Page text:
Friday, October 31, 2014

Tips For Avoiding A Trick or Treat Meltdown

Okay so its Halloween and parents are getting ready to get costumes together, take pictures, and enjoy our kids and their cuteness. However, trick or treating can take a drastic turn quickly, especially with the younger kids. So after a few times of trial and error, here are a few tips that I hope will help your trick or treating be as stress free as possible.

Potty Time. If your kids are anything like mines, they will wait until they get 2 1/2 blocks from home to start doing the pee pee dance. If your child has an accident this will almost immediately shut down your trick or treat adventure. So make sure your kids make a bathroom run before they suit up, because trying to get a squirming child out of a pirate costume can get tricky.

More Rest, Less Stress. Make sure your kids are well rested and fed. If your children are grumpy it is not going to make for a very fun trick or treat experience. I remember when my now 5 year old was a toddler, I made this mistake. Running around and trying to get things together for Halloween I had forgotten to make sure he had his nap. The moment I realized he was grumpier than a man in a boat without a paddle, was when he snapped on this innocent old lady. She became a casualty of war ( I still feel bad about that, sorry little old lady wherever you are). So after that my husband and I took turns carrying him the rest of the way.

Weather the Weather. The weather does not care that you and your kids are out trick or treating in your cute little costumes, its October, and it still gets cold. I live in Georgia near the water where it is still a little warmer, but it can get chilly after dark. As much as you want your kid's costume to get all of the shine it deserves, make sure you either bring a jacket or layer under their costume if you can. Its nothing worse than waking up the day after Halloween to candy hungover kids with runny noses.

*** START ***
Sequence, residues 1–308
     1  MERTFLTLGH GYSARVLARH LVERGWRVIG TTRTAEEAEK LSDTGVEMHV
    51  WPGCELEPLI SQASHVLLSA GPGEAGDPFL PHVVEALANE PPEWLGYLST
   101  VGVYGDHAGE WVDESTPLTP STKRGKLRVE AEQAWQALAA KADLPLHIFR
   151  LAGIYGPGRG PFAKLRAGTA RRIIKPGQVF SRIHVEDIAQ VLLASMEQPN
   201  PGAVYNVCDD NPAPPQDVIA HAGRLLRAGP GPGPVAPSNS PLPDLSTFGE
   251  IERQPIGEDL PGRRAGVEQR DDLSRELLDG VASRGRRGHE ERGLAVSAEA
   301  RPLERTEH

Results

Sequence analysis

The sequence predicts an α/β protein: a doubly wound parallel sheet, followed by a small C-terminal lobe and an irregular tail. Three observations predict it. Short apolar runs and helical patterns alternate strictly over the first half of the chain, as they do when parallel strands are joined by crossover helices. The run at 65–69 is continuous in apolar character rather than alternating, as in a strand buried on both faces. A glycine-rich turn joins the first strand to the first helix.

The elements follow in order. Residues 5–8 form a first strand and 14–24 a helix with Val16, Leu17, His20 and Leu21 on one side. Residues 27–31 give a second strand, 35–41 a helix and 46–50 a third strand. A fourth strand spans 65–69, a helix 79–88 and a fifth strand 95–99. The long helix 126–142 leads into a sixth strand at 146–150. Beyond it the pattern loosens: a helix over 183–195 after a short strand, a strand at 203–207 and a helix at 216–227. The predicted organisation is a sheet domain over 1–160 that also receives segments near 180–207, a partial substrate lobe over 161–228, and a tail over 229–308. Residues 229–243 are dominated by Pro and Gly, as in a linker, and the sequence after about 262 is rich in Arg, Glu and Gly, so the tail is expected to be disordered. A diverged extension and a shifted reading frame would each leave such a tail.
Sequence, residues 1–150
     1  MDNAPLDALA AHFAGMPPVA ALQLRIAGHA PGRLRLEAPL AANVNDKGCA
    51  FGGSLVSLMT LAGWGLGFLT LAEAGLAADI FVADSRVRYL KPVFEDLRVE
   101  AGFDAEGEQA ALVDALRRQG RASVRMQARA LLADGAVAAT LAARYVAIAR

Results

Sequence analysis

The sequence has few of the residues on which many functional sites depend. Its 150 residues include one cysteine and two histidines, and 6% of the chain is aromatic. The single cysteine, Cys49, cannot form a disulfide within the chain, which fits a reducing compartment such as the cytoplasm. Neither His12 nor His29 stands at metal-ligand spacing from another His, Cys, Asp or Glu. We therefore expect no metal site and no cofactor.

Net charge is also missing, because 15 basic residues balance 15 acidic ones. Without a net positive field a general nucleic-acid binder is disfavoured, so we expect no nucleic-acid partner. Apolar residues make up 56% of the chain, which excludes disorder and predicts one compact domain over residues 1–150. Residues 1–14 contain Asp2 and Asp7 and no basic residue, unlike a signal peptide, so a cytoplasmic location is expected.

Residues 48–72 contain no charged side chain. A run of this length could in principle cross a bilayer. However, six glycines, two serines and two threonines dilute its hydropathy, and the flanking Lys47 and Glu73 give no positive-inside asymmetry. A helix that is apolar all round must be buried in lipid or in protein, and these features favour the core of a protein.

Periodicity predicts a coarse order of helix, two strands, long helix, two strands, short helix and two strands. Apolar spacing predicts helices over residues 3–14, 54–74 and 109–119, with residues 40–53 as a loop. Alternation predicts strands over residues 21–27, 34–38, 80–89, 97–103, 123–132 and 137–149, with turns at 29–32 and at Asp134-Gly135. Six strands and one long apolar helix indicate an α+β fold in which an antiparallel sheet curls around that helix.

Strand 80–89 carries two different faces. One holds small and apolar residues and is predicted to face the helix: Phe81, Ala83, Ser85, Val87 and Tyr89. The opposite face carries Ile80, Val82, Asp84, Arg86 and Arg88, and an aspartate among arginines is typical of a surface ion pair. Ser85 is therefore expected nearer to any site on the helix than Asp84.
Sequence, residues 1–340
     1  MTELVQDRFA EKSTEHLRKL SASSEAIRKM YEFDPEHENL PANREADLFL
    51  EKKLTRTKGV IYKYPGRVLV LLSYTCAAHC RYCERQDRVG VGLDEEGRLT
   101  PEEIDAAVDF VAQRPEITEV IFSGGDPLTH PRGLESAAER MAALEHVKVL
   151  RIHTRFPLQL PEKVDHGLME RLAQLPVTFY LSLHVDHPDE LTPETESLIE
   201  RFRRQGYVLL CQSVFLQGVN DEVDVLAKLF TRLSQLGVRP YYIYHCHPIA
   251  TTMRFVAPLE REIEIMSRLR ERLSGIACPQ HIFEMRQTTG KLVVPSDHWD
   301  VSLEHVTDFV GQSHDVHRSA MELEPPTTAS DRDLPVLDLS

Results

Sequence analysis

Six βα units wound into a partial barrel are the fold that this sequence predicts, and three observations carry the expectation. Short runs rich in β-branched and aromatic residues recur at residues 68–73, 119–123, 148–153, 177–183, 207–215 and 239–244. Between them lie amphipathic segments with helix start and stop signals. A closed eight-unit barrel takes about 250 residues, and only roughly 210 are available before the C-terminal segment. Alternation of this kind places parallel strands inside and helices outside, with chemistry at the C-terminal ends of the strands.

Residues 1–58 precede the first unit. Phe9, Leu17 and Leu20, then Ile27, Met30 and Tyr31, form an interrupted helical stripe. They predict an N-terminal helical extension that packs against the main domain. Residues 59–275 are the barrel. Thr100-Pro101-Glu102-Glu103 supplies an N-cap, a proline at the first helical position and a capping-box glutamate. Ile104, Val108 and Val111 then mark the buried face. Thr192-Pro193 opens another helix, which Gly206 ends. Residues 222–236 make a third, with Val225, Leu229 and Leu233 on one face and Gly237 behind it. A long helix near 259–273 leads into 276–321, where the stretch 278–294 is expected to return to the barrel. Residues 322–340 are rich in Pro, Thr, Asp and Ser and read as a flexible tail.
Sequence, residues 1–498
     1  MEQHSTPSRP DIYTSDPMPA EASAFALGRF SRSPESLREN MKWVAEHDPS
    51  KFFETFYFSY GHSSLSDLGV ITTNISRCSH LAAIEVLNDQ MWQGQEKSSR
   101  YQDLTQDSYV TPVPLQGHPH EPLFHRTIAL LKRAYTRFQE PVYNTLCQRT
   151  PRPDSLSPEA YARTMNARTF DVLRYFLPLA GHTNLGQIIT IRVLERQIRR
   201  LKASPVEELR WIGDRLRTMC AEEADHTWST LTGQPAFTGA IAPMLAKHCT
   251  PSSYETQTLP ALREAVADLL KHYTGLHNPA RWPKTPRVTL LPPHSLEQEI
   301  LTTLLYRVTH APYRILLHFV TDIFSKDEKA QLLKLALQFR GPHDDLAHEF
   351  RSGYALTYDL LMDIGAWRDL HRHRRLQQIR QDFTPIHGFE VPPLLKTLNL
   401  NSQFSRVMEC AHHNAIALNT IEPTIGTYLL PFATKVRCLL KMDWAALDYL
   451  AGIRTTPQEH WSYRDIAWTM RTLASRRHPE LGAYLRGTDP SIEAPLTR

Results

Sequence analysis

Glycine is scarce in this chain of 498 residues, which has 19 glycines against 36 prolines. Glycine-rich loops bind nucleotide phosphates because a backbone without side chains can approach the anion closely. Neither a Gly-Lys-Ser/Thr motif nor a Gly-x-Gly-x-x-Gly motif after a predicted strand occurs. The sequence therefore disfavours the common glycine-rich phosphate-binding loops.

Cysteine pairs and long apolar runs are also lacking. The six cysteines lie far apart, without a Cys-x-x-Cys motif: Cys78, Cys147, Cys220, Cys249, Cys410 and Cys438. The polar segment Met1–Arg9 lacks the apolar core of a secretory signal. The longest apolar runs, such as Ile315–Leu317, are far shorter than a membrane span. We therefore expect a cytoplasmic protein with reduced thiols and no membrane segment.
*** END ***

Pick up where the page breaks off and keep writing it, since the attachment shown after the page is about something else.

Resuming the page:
Whats Yours Is Mines. When the kids go to bed, it is time to indulge in their candy. This may sound selfish, but I mean really we walked around for miles (okay maybe blocks), just to get nothing out of the deal? Besides, they don't need any cavities, and too much candy is just simply not good for them. So really I look at it as responsible parenting. Plus this gives you something to look forward to after you get them to bed and you're tired. As you lay on the couch with that big delicious bag of candy it is the topping on the cake to a fun evening. Don't worry they'll never know, just put the bag back like nothing ever happened.

Happy and safe trick or treating everyone!

Thursday, October 30, 2014

What Your Kids Can Reveal About You

Kids are great, wonderful, cute, cuddly, and lovable, so can someone tell me how these little people can bring out all the bad traits I have worked so hard to hide? I love my kids to infinity and beyond, but sometimes I feel like they are trying to kill me! Why, why, why do you feel the need to lick out of the dog's water bowl, play in poop, eat crayons, or dump the pee out of your potty? I should add that on any given week, these events could occur all in one day.

However, I know that I am supposed to be the adult, and handle these situations with patience, and kind, encouraging words, but you know what I have discovered, is that I fall short. I know that is sad to admit, but I am a work in progress. When I am trying to cook dinner, while the baby is crying (Side note: I have four boys ages 7, 5, 2, and 9 months, just to paint a vivid picture for you) and my 5 year old is asking me how to spell the same word for the umpteenth time, and that is when my 2 year old decides that he wants to dump out his potty on the carpet; my kind and patient tank is on empty. (Side note: I did not know that umpteenth was really a word).

What I have figured out so far, in this ongoing navigation of the high seas is that I am not perfect. I am okay with that. It is impossible for me to give everyone 100% at all times, I would be a complete wreck (I probably already am since it took me awhile to figure this out). So as moms we have to cut ourselves a little slack; we don't get it right every time. There are going to be times when we have our own mini temper tantrums, but its okay. Just pick yourself up off the floor, and keep it moving. Its okay to scream into the air in frustration sometimes, because guess what we are human. Just remember after you get yourself together, grab your kids give them a hug, and tell them that you love them. Most of the time our kids don't even see our flaws, they think we are the best thing since Mama Rosa's mini pizzas (Side note: those pizzas are goooood!). So if our kids can cut us some slack, let's cut ourselves a little.